OTTAWA — Compact fluorescent lightbulbs may be energy efficient but their potential hazards have prompted Health Canada to warn of effects ranging from too much UV exposure to possible mercury poisoning.
The department is already studying both ultraviolet radiation and electrical and magnetic field emissions from the bulbs, and says it will take “corrective measures” with manufacturers “if necessary.”
n the latest “It’s Your Health” newsletter, Health Canada also offers almost two pages of detailed cleanup instructions in the event a bulb, which contains a tiny daub of mercury, is broken.
Several countries have moved to ban traditional, energy-guzzling incandescent lights by 2012, prompting their replacement with the compact fluorescents — or CFLs. Often shaped like a spiral, CFLs are a modern variant of tube-style fluorescent lights.
The ultraviolet radiation CFLs emit isn’t hazardous to most people, Health Canada says. However “some people are extremely sensitive to UV and may be affected by the amount of UV produced,” says its newsletter. That could include people with Lupus, other autoimmune diseases, or sensitive skin.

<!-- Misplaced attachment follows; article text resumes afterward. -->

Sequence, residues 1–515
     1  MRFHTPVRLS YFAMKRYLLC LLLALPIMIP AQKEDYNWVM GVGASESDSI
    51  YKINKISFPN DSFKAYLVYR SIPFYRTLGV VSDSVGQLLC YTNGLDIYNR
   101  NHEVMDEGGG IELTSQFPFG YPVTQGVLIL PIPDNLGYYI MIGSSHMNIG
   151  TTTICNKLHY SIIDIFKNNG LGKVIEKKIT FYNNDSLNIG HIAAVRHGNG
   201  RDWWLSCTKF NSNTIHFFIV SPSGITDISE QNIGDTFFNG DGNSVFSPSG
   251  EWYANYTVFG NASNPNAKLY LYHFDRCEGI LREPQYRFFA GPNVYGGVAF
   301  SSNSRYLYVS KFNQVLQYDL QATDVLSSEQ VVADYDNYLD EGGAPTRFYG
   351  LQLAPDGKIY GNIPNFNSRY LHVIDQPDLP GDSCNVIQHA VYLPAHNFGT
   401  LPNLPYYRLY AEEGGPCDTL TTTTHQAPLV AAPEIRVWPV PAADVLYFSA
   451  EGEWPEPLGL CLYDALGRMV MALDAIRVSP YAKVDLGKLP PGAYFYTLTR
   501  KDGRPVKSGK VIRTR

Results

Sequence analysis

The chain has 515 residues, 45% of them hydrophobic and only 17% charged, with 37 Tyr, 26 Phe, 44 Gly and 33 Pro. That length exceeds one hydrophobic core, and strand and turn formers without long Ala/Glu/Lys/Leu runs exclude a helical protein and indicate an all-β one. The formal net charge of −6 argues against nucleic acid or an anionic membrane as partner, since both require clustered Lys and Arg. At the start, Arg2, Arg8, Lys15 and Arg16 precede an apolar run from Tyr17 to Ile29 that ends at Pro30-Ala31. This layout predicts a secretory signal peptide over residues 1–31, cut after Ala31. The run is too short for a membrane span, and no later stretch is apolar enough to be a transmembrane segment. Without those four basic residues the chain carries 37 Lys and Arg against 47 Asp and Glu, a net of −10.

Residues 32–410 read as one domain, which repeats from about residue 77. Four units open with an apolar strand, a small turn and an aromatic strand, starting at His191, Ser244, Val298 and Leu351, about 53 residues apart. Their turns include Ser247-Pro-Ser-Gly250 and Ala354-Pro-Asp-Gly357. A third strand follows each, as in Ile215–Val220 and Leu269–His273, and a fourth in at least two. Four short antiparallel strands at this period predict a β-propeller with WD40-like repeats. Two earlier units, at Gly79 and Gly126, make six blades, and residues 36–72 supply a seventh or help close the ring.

Perhaps they should be banned to prevent health hazards. Like fragrances are banned in public places. Like smoking is banned in many public places. Really, we shouldn't use them. Besides, they're expensive to manufacture and buy, and they're environmentally hazardous to throw away, with the mercury content! They're also known to be much more likely to catch fire than incandescents.
There are no known health hazards with incandescent bulbs, and, really, they don't use all that much energy. I can tell by looking at my power bill that their energy consumption is very, very small relative to things like using the stove/oven, home heating and hot water.